In a surprising move, US President Donald Trump hosted his first Iftar dinner at the White House during which he sought co-operation from the Muslim world to achieve a future of security and prosperity for all. Just last year, he had departed from the decades of precedent cancelling the annual Iftar dinner.
The tradition of hosting Iftar dinner at the White House formally began with Bill Clinton in the 1990s but has conceptual roots tracing as far back as under Thomas Jefferson in 1805.
Trump, who has frequently engaged in anti-Muslim rhetoric, wished Muslims around the world a “Ramadan Mubarak” – a blessed holiday and sought co-operation from them to achieve a future of security and prosperity for all.
“Only by working together can we achieve a future of security and prosperity for all,” Trump told a gathering of diplomats and officials at the iftar dinner last evening.
“For this reason, I was proud to make my first foreign trip as President to the heart of the Muslim world, where I addressed an assembly of more than 50 leaders of Muslim-majority countries. That was something,” he said.
“The partnership and solidarity that we established over the past year has only deepened with time. So many friendships. So many meetings, even in the Oval Office. And we’ve made a lot of progress, I think, a lot of tremendous progress,” Trump said.
After delivering his remarks, Trump sat on the head table which among others included Saudi Ambassador Prince Khalid Ben Salman and Jordanian envoy Dina Kawar. The Indonesian Ambassadors was also seated on the same table. Envoys from several Muslim countries including the UAE, Egypt, Tunisia, Qatar, Bahrain, Morocco, Algeria, Libya, Kuwait, Gambia, Ethiopia, Iraq, and Bosnia were invited.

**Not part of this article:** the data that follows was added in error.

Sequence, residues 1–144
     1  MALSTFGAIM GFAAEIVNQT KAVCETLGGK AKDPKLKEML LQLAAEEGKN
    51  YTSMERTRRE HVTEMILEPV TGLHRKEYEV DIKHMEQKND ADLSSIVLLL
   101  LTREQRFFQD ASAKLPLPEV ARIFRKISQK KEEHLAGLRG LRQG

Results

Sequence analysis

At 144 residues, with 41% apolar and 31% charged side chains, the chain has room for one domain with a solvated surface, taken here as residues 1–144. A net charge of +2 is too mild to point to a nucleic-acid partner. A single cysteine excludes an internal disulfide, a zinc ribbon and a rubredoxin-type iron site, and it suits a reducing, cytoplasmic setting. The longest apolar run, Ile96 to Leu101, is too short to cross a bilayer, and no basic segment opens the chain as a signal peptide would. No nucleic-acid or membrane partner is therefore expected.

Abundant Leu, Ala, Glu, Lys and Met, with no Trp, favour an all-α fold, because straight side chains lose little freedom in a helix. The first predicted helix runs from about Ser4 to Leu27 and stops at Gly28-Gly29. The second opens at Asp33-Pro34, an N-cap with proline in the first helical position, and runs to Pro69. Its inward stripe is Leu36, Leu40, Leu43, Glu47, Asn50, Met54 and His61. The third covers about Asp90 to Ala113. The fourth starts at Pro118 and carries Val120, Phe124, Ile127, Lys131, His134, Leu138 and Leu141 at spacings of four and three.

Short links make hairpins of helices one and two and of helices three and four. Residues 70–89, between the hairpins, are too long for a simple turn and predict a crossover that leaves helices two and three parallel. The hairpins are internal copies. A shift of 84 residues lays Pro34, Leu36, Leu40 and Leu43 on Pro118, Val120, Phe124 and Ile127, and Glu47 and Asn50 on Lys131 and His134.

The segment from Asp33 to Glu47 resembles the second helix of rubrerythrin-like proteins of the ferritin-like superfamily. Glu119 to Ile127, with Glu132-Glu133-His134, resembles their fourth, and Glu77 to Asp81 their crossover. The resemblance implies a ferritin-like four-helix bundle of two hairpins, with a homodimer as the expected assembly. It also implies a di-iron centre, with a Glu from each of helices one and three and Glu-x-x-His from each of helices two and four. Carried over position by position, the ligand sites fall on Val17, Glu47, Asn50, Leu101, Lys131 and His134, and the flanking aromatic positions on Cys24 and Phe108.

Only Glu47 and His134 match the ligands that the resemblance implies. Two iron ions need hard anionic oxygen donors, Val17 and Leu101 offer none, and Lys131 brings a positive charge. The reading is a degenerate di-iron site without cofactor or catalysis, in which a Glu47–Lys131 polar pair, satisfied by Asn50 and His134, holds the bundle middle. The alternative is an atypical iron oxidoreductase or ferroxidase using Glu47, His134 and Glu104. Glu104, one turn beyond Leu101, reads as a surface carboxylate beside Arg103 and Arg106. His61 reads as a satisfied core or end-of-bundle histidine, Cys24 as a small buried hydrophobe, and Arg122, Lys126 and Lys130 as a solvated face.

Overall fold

“A very warm welcome to all of the ambassadors here tonight representing Muslim-majority nations. We’re greatly honoured by your presence, and thank you very much for being here. Some very good friends. To each of you and to the Muslims around the world: Ramadan Mubarak,” Trump said.
Vice President Mike Pence and several of his Cabinet members, including Treasury Secretary Steven Mnuchin and Commerce Secretary Wilbur Ross attended the Iftar dinner.
However, several Muslim civil rights groups pushed back, organising a “NOT Trump’s Iftar” protest at a park across from the White House. The groups say Trump’s heated rhetoric has contributed to an increase in bullying and discrimination against Muslim Americans.
The Iftar dinner was completely opposite from the inflammatory rhetoric Trump used during his campaign, when he called for a “complete and total shutdown” of Muslims entering the country, compared Syrian refugees fleeing civil war to a deadly snake and declared.
He has also imposed a travel ban, targeting travellers from five countries with overwhelmingly Muslim populations – Iran, Libya, Somalia, Syria and Yemen.
(with agency inputs)